NEWARK, N.J.—At first glance, little about the Ludlow Street Newark Community Health Center seems different from any other federally funded clinic.
Requisite posters remind visitors to "cover their cough." Brochures encourage HIV screening, healthy eating, flu shots, and frequent hand washing in both Spanish and English. But it's what's happening in a meeting space just down the hall that's drawn the attention some of the nation's leading experts and advocates working to reduce the number of American children born too soon.
Behind a closed door, a group of women mill around the room. In a far corner, midwife Edith Eze runs a handheld Doppler—a machine slightly larger than a smartphone with a flat-topped microphone-shaped wand attached—over a smiling woman's lower abdomen. Within seconds Eze locates a baby's heartbeat. A rhythmic whooshing sound fills the room.
"Ohhh," the woman sputters. The baby is her second but the first she will deliver in the United States. "Wow. There it is."
Other women stand near a whiteboard chatting with a social worker, translator, doctor, and nurse practitioner about the myriad buttons that control a free-standing digital blood-pressure monitor and the white doctor's-office scale parked in the front of the room. The women, all of them pregnant, will need to get comfortable with both.
The group has gathered for its first session of a prenatal care program known as Centering Pregnancy. As part of the program, which began five years ago, participants see a midwife as often as other pregnant women or as their health requires. But over the course of 10 sessions, they will record and report their own vital statistics, and they'll share their experiences, concerns, and fears about pregnancy in facilitated group discussions.
If the results for the Ludlow Street clinic's program hold, few if any of the six pregnant women slated to participate in the group will deliver their babies preterm. All of the women are healthy but they are considered at particular risk of preterm birth because they live at, near, or below the poverty line. In the last two years, none of the more than 200 women in the clinic's Centering Pregnancy program have delivered their babies before 37 weeks gestation. (In October, the American College of Obstetricians and Gynecologists and the Society for Maternal-Fetal Medicine moved the goalpost for healthy, full-term pregnancies to a minimum of 39 weeks gestation.)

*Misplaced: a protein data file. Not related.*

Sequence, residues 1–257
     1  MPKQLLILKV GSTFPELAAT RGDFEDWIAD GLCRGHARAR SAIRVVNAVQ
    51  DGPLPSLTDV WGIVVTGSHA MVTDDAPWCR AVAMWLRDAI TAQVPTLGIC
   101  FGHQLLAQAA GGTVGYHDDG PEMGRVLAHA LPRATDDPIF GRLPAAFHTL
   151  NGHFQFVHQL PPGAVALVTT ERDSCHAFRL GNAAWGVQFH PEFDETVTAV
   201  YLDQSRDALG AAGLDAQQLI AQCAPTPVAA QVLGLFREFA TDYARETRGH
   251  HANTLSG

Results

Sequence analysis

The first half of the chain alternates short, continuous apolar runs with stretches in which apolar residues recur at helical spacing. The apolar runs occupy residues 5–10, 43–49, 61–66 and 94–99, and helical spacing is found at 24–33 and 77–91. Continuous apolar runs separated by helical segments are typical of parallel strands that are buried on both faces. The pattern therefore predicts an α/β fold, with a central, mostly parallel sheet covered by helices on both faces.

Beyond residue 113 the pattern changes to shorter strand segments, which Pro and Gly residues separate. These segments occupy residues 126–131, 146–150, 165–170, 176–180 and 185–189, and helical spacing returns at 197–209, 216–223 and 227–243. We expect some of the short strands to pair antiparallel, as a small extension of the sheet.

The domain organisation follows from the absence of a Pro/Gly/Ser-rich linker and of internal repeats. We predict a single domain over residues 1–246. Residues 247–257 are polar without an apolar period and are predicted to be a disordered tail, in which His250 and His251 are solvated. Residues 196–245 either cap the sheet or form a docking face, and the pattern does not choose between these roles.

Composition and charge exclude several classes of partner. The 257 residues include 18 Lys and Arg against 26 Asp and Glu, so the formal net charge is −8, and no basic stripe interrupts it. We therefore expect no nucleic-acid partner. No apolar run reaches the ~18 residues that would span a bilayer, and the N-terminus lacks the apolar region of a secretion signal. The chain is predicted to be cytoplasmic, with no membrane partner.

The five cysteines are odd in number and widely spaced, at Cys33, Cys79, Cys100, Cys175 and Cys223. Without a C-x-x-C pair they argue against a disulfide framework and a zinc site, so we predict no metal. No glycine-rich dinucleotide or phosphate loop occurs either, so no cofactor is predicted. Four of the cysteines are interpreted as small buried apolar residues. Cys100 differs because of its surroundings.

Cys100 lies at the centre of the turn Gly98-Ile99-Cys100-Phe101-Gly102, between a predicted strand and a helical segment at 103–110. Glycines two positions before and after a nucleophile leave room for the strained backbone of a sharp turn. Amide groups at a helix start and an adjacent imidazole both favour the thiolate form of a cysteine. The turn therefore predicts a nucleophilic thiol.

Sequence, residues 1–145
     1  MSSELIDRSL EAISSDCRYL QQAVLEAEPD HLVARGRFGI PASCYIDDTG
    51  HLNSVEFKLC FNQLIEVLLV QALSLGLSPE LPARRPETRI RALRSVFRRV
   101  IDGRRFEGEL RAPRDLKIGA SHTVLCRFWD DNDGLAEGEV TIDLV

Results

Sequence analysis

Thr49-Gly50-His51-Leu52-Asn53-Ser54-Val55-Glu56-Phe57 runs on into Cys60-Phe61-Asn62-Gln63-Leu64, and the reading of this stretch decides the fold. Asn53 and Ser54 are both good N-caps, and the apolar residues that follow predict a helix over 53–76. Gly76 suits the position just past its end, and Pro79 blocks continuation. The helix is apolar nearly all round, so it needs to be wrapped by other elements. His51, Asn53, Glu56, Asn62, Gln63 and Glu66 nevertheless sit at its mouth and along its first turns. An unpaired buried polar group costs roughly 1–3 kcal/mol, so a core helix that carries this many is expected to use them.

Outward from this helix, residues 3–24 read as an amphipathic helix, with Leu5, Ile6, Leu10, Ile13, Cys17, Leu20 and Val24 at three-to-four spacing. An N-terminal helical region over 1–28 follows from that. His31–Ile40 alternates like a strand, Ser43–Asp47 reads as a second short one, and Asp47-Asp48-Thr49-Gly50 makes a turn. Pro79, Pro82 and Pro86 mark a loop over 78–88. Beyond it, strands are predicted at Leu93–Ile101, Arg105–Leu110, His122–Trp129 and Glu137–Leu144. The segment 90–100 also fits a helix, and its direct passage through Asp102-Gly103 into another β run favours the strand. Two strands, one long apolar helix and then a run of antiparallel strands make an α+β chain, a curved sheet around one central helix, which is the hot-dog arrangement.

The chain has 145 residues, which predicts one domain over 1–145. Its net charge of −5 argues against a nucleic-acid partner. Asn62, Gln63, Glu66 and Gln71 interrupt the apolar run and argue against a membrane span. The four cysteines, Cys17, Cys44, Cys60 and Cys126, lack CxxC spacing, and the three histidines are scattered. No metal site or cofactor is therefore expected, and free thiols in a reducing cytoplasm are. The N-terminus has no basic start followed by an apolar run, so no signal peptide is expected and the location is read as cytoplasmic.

And in 2013, there were not only no preterm births among Centering Pregnancy patients, but almost all of the nearly 800 women who received prenatal care of some sort at a Newark Community Health Center delivered babies that were a healthy weight. Only 34 children arrived weighing less than 5.5 pounds.
"What we do here," says Eze, a Nigerian immigrant and longtime midwife, "is a lot like what we women do at home. We gather. We talk. We share what we know. We share our concerns. Here we do it with a bit more technology but something incredible, something beautiful still happens."
While preterm births are by no means limited to the poor or uninsured, they are most common among women who lack access to regular health care, enter their pregnancies with perilous habits such as smoking or eating an unbalanced but often low-cost diet, or struggle with a biologically detectable degree of chronic stress created by economic strain, social isolation, and perceived discrimination.
In the United States, home of the world's largest economy and some of its most advanced medical tools, just over 12 percent of the 4.3 million children born alive in 2010 arrived at less than 37 weeks gestation, according to the most recent global measure of preterm birth employed by the World Health Organization. Those figures put the United States in league with countries such as Iran, Turkey, Niger, and Angola. Women and children in only a handful of countries—including Zimbabwe, Pakistan, and Indonesia—fared worse.
American preterm births happen at such disproportionate rates among black, Latina, and Native American women that some researchers have come to suspect something about their medical and social experiences in the United States may be driving the problem. In 2012, the most recent year for which national data are available, a full 16.8 percent of black children, 13.6 percent of Native American infants, and 11.7 percent of Latino babies arrived before their mother's 37th week of pregnancy. That's compared to just 10.5 percent of white children and 10.3 percent of Asian infants.
The figures represent some improvement, after climbing for three decades and peaking in 2006. In fact, in 2013, the black preterm birthrate hit a 20-year low. But the nation's youngest residents remain in significant peril.